Consistently Infrequent

December 19, 2011

Python: Hello, World!

Filed under: Python — Tony Breyal @ 9:57 pm

Introduction

Stanford is running a series of open online courses this January. One of these courses is about Text Mining (aka Natural Language Processing, or NLP for short). There is a pre-requisite in this course for being able to programme in either Java or Python.

I was going to spend my Christmas break re-learning C++ but as I really want to try this course out I’m instead going to try and learn Python by following this online Google class because it’s a language I often hear about from other R users.  Having done the first two modules of that google course I thought I should code a quick ‘hello world’ programme on my blog, for the sake of geekery if nothing else.

Objective

Write some python code which will print out “Hello, world!”.

Solution

Ubuntu Linux already comes with python pre-installed by the looks of it so I didn’t need to do anything special. I downloaded the Spyder IDE because it’s the closest thing to RStudio (which I now use when coding in R) that I could see and comes highly recommended based on the various web sites I visited. Anyway, here’s the code I entered into the script window of the Spyder IDE. To run it, I pressed F5 which prompted me to save the file and after which “Hello, world!” was printed to the integrated console :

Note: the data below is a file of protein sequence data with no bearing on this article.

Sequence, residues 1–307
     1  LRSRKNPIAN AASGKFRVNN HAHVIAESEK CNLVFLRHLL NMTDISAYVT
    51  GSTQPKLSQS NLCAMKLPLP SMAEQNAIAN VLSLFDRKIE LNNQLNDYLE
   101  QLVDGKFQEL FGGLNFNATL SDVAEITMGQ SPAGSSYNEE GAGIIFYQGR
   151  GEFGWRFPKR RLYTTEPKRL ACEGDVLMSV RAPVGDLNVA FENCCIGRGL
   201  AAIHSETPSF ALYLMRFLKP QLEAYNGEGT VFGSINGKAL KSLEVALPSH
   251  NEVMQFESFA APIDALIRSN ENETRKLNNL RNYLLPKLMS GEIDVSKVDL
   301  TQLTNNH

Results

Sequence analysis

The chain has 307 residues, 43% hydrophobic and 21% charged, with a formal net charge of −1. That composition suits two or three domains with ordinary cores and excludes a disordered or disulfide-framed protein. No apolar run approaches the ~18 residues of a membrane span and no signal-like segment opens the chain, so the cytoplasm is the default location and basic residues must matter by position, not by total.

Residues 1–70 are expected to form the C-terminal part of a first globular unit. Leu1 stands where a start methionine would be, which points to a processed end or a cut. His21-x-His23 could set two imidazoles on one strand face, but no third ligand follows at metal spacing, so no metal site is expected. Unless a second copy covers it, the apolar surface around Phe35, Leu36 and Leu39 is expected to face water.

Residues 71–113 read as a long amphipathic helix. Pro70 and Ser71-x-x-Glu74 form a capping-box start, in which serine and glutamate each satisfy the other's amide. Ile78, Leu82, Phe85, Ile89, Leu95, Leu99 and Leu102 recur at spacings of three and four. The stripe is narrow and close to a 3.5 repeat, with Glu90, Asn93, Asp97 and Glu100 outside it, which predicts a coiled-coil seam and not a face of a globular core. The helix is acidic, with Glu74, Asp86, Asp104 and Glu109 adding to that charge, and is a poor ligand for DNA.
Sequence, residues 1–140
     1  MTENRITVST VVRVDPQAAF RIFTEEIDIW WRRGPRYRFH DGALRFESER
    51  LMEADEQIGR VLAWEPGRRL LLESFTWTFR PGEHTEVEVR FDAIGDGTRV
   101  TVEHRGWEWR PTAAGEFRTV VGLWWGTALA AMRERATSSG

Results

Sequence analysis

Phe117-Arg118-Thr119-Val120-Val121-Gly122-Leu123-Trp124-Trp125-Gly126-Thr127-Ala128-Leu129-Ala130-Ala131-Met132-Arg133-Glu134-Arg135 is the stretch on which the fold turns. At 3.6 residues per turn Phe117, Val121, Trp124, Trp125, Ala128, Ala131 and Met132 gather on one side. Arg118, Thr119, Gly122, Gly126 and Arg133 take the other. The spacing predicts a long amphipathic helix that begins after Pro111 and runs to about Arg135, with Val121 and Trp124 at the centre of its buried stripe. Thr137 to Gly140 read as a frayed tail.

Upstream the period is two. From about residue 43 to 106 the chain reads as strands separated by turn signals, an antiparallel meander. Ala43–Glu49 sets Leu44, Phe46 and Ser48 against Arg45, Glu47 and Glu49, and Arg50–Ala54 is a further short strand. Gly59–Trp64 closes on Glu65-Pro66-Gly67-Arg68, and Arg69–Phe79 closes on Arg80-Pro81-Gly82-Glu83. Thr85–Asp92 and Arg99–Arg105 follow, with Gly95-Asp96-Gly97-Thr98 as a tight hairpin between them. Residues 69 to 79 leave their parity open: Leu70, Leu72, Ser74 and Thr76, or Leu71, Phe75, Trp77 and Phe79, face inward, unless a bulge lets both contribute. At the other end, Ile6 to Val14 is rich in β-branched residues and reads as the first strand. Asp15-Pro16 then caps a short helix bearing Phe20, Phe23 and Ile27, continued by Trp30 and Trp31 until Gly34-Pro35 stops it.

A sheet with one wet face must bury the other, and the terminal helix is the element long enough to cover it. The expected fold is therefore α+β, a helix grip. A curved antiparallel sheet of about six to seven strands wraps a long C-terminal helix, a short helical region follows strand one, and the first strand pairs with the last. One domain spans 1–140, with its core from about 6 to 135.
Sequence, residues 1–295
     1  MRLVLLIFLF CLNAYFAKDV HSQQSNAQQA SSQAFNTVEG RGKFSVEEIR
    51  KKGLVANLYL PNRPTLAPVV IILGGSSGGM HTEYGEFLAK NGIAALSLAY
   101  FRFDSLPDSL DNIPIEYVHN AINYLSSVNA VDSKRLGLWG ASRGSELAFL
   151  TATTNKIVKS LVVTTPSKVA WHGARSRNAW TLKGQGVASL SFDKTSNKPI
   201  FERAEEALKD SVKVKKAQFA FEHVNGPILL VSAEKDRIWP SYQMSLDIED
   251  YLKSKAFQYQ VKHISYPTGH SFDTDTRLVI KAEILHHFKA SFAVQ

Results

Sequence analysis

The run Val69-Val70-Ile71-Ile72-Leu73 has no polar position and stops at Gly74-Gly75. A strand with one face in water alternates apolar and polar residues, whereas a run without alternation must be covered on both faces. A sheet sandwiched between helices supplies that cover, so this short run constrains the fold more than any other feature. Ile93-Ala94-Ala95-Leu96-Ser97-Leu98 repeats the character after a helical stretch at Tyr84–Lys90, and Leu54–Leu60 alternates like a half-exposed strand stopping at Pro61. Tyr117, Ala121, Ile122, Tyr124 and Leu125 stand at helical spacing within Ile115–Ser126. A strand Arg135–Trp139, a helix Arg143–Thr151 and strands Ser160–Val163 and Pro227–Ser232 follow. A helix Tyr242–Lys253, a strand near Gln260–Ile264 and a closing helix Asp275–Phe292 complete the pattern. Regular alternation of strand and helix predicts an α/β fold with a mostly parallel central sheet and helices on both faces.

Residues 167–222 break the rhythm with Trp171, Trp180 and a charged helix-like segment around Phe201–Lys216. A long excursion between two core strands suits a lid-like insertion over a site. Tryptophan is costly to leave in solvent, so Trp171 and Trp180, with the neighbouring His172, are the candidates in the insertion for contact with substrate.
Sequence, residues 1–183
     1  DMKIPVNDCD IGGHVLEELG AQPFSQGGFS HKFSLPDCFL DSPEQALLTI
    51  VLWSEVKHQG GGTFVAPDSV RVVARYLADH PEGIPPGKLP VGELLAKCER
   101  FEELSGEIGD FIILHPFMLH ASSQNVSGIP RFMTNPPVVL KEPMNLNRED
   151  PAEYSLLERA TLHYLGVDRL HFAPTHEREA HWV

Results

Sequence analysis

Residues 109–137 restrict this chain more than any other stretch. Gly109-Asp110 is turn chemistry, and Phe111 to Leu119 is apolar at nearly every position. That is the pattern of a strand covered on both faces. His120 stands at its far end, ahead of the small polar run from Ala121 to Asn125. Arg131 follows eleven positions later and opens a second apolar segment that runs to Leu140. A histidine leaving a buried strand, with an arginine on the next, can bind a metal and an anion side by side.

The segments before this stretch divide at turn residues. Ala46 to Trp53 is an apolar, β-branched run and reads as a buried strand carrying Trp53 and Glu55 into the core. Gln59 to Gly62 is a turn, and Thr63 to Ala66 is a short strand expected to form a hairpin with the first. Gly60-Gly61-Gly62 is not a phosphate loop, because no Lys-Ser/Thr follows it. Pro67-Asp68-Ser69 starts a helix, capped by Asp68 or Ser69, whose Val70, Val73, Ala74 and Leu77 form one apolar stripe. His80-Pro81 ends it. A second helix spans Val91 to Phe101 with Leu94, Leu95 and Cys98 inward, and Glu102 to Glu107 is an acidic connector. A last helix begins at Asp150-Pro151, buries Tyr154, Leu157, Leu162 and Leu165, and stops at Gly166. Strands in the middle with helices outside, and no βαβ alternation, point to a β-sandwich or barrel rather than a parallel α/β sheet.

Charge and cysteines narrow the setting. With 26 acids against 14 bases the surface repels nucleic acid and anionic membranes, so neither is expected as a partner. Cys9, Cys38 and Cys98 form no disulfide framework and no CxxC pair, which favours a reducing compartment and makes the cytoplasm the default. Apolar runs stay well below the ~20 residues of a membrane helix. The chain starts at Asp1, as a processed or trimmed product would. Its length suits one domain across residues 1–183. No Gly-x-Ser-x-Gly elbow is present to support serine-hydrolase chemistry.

def main():
  print 'Hello, world!'

if __name__ == '__main__':
  main()

Line 1 tells us that we have defined [def] a function called main() and it’s body starts after the colon [:].

Line 2 is indented to show that it belongs to main(). This is VERY important because unlike some other programming languages, python does not have curly braces “{” and “}” which tell us where a function starts and ends but instead uses the indentation to mark the boundaries (so this formatting is not optional). I’m not sold on this concept yet though I suppose it does save a bit on having to type in the curly braces explicitly because I would normally indent my code anyway.

Line 4 and 5 tells us that this file (lines 1-5) can be used as either a module for import into another python module or as a stand-alone programme. This seems to be required in every python file and so I guess I had better get used to it. When I run this file it is recognised as a standalone programme and starts off by calling the main() function which is used on line 5.

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